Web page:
Every since people came to understand the nature of death, there must have been thoughts about how to avoid it. One of the earliest known stories, the 'Epic of Gilgamesh', has the quest for immortality as a central theme. Many religions offer the promise of an afterlife in a different realm, although many would rather stay in this one, as shown by the attempts to attain immortality by magical means such as the philosophers stone. More recently, medical advances has meant that people have begun to look at life extension as a real possibility. Transhumanists such as Nick Bostrom see this as something we should be striving for right now. Ray Kurzweil and Terry Grossman believe that if you can survive a couple more decades, then the technology will exist to extend your life. Maybe only a bit at first, but enough to live to see more technology which will mean that you can live even longer. Effectively you will be immortal.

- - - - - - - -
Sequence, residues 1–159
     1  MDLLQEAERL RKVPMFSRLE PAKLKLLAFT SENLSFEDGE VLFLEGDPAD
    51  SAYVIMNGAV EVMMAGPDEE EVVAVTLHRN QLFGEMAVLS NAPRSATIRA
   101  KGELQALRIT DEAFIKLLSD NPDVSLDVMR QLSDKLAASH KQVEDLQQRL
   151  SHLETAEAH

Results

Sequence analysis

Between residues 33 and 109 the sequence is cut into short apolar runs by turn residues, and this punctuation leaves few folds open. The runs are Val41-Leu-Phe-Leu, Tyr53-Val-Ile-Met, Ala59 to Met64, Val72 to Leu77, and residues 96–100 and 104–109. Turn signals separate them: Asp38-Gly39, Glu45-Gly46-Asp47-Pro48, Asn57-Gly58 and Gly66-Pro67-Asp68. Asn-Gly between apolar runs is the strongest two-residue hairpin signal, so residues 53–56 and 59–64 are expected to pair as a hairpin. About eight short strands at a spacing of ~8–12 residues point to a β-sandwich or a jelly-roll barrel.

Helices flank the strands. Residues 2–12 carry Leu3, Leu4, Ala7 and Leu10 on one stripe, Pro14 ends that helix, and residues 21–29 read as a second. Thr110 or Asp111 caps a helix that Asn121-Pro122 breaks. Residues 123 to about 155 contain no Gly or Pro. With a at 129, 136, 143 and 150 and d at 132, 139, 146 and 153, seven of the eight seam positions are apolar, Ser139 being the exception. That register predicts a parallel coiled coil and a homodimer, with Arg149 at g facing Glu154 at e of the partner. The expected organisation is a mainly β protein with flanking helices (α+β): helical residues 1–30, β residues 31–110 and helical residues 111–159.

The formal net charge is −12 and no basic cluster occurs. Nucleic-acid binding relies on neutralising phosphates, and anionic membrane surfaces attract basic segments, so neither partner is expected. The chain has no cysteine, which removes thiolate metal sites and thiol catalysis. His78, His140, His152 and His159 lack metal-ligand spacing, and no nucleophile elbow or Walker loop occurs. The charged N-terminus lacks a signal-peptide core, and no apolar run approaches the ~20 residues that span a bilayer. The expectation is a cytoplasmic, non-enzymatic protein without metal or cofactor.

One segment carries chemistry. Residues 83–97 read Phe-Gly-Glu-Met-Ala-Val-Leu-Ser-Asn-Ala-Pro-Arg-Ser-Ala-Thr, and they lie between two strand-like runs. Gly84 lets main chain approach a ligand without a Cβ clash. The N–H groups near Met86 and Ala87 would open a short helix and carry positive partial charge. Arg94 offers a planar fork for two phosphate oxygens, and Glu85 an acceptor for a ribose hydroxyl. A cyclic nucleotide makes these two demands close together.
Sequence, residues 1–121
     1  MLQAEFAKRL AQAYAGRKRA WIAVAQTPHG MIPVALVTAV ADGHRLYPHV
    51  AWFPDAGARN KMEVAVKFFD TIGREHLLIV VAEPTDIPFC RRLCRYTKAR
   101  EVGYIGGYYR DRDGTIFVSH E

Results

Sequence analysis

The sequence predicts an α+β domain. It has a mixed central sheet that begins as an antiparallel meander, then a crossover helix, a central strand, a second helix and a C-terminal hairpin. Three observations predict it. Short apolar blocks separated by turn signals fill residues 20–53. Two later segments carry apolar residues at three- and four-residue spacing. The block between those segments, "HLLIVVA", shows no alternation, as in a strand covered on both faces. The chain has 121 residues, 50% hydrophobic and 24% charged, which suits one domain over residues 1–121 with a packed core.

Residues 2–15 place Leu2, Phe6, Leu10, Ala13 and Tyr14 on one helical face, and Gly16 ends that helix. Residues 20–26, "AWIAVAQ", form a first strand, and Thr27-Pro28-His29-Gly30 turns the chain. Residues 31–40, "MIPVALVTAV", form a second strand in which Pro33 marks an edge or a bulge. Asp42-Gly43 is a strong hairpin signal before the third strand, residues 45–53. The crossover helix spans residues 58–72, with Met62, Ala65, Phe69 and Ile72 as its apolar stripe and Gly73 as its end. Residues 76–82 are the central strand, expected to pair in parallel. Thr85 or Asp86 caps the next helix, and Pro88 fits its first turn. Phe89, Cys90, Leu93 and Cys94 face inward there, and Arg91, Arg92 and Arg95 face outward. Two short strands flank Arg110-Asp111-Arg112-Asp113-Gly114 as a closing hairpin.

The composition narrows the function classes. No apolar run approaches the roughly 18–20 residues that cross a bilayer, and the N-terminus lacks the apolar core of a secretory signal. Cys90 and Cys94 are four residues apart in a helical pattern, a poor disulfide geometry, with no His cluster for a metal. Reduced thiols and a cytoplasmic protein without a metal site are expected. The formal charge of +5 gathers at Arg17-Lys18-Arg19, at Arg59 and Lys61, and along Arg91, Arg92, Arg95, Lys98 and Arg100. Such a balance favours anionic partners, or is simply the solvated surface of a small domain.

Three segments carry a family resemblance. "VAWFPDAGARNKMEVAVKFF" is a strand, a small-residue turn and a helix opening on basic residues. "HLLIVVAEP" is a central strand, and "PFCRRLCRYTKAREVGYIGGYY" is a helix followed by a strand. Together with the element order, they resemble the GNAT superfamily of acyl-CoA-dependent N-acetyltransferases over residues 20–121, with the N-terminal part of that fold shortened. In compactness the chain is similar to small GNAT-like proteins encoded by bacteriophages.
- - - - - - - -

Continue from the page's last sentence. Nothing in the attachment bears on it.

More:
As an example of the sort of technology which might become available is one to get rid of faulty mitochondria.
Bird mitochondria are more resistant to damage than mammal mitochondria, and so birds tend to live considerably longer than similarly sized mammals
Mitochondria are the parts of the cell responsible for its energy requirements. They originated from bacteria which were incorporated into the eukaryotic cell, and as such they have their own DNA. Unfortunately this DNA is more prone to damage than that in the cell nucleus, and much of ageing is thought to be caused by the accumulation of damage to mitochondrial DNA. But supposing we could get rid of cells with damaged mitochondria. Then the body would replace them with healthy ones, and the effects of ageing might be reversed. So how would you get at the damaged cells? Well various technologies are becoming available to do this. Typically, to get at every cell in your body would be very intrusive, but it might be possible to avoid this. I could imagine something like a highly tunable microwave, which was tuned to deliver a lot of heat to the proteins created by the mutant mitochondria, effectively cooking the cells containing them. You have your mitochondria tested, then Zap!, and after a short period of recuperation you're as good as new.